HeyDays turn to dark days for Checkers
Eben van Wyk & Regardt Botes via Biz Community - Jul 13th 2011, 11:55
The Advertising Standards Authority (ASA) of South Africa has a whole arsenal of possible sanctions it can impose on advertisers for breaching its advertising code or prior rulings. These sanctions usually take the form of the withdrawal of the advertisement in its offending format or, in some exceptional circumstances, an order to publish an adverse publicity statement and summarised version of an adverse ruling.
One of the harshest sanctions
In the recent matter of Checkers "Heydays" Promotion/Pick n Pay/17435, the ASA imposed one of the harshest sanctions to its disposal on Checkers, which was ordered to submit all its future advertising to the ACA Advisory Service, at its own cost, prior to the publication thereof, for a period of three months.
The well-recognised advertisements for Checkers' Heydays promotion contained the statement, "HeyDays - It's Big It's Back It's Unbeatable" and in an email version of the advertisement it stated "We're giving you unbeatable deals for this week only."
According to Pick n Pay, the hypothetical reasonable consumer would understand the claims, and more particularly, the word "unbeatable" to mean that all the products advertised as part of the Heydays promotion would not be found cheaper anywhere else during the promotional period.
Similarly, where any of the advertised products are linked to a free product giveaway, the claims would be understood to mean that, in respect of each of such offer, an equivalent offering would not be found anywhere else for the duration of the relevant period.
Checkers argued that it has used the same or similar "unbeatable" slogan with its Heydays promotion for almost 10 years, and that these slogans qualify as promotional trademarks. It also submitted that it is unlikely that the hypothetical reasonable consumer would interpret the phrase "It's unbeatable" as a literal claim that each of the products contained in the advertisements will be the cheapest at Checkers or that no similar equivalent offerings may be available elsewhere.
The ASA agreed with Checkers in respect of the claim "HeyDays - It's Big It's Back It's Unbeatable" and held that the hypothetical reasonable person would most likely understand the word "unbeatable" in this context to be a reference to the scope, size or extent of the entire Heydays promotion, and not each specific product advertised, and that the claim was therefore not in breach of the code in the manner argued by the complainant.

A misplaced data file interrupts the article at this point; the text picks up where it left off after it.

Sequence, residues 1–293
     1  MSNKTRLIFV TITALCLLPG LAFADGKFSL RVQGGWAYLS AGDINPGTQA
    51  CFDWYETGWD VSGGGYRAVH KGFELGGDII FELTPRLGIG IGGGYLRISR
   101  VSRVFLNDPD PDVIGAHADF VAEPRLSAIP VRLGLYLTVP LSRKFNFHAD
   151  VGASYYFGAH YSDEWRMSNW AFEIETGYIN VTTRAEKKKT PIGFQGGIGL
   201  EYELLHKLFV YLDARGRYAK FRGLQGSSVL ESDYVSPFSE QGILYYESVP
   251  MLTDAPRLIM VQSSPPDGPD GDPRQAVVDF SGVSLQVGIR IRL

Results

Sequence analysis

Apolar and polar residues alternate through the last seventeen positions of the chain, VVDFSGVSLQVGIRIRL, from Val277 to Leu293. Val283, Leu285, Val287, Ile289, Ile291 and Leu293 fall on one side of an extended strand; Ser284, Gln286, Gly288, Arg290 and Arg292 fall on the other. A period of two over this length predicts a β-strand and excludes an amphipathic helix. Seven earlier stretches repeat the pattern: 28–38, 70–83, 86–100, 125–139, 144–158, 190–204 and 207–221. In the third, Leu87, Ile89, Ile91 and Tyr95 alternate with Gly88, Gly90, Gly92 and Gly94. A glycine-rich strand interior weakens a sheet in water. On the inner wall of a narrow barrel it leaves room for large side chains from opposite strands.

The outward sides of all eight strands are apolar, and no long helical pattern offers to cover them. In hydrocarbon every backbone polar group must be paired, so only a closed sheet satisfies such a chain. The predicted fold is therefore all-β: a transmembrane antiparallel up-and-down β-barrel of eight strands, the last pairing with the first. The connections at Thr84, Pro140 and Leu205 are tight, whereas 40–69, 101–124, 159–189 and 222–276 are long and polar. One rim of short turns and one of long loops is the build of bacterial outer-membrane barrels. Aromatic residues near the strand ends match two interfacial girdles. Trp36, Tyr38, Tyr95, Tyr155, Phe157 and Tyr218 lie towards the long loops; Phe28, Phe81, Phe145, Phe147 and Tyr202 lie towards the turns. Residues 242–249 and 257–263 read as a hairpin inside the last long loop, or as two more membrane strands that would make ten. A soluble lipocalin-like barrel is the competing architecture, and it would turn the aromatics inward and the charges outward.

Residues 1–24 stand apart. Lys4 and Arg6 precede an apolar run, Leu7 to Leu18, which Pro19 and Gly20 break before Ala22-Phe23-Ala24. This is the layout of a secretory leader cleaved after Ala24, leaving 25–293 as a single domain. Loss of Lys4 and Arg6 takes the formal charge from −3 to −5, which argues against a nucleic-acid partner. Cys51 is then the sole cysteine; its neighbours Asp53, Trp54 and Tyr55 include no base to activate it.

However, the ASA determined that the reasonable consumer would interpret the claim "We're giving you unbeatable deals for this week only" to refer to specific products and specific prices and that this claim is therefore capable of objective substantiation. Checkers was unable to substantiate this claim and it was therefore held to be misleading and in breach of the ASA Code.
On 18 January 2011, Checkers received a suspended three-month pre-clearance sanction in the matter of Checkers/Pick n Pay/16439. In this ruling, Checkers failed to provide substantiation in respect of pricing claims for OMO washing powder and Huggies nappies.
At its own cost
In that matter, the ASA suspended the pre-clearance order on condition that Checkers is not found to be in breach of the initial ruling, or is not found to make unsubstantiated comparative pricing claims, within six months from the date of ruling.
Given that Checkers had been found to have made the unsubstantiated comparative pricing claim, "We're giving you unbeatable deals for this week only", it was ordered to submit all its advertising for a period of three months to the ACA Advisory committee, at its own cost.
This sanction will not only involve out of pocket expenses for Checkers in respect of all its future advertisements, but will also involve a big administrative burden and hamstring the internal turn-around time of its advertisements as ACA pre-approval could be time-consuming in some circumstances. Checkers' marketers might also be limited in their "creative freedom" to create advertisements.
This ruling shows the significant impact that non-compliance with the ASA Code can cause to advertisers, and the importance of taking the provisions of the code into account in all forms of advertising. The ruling also highlights the fact that even "informal" email advertisements can cause great inconvenience to advertisers and that all forms of advertising should comply with the ASA Code.
About the authors:
Eben van Wyk is a director and national practice head of Cliffe Dekker Hofmeyr's Intellectual Property practice; he has specialised in intellectual property law for the past 10 years and advises clients on advertising law and matters before the Advertising Standards Authority.
Senior associate Regardt Botes specialises in trademark- and advertising-law-related matters and has experience in defending and instituting complaints at the ASA.
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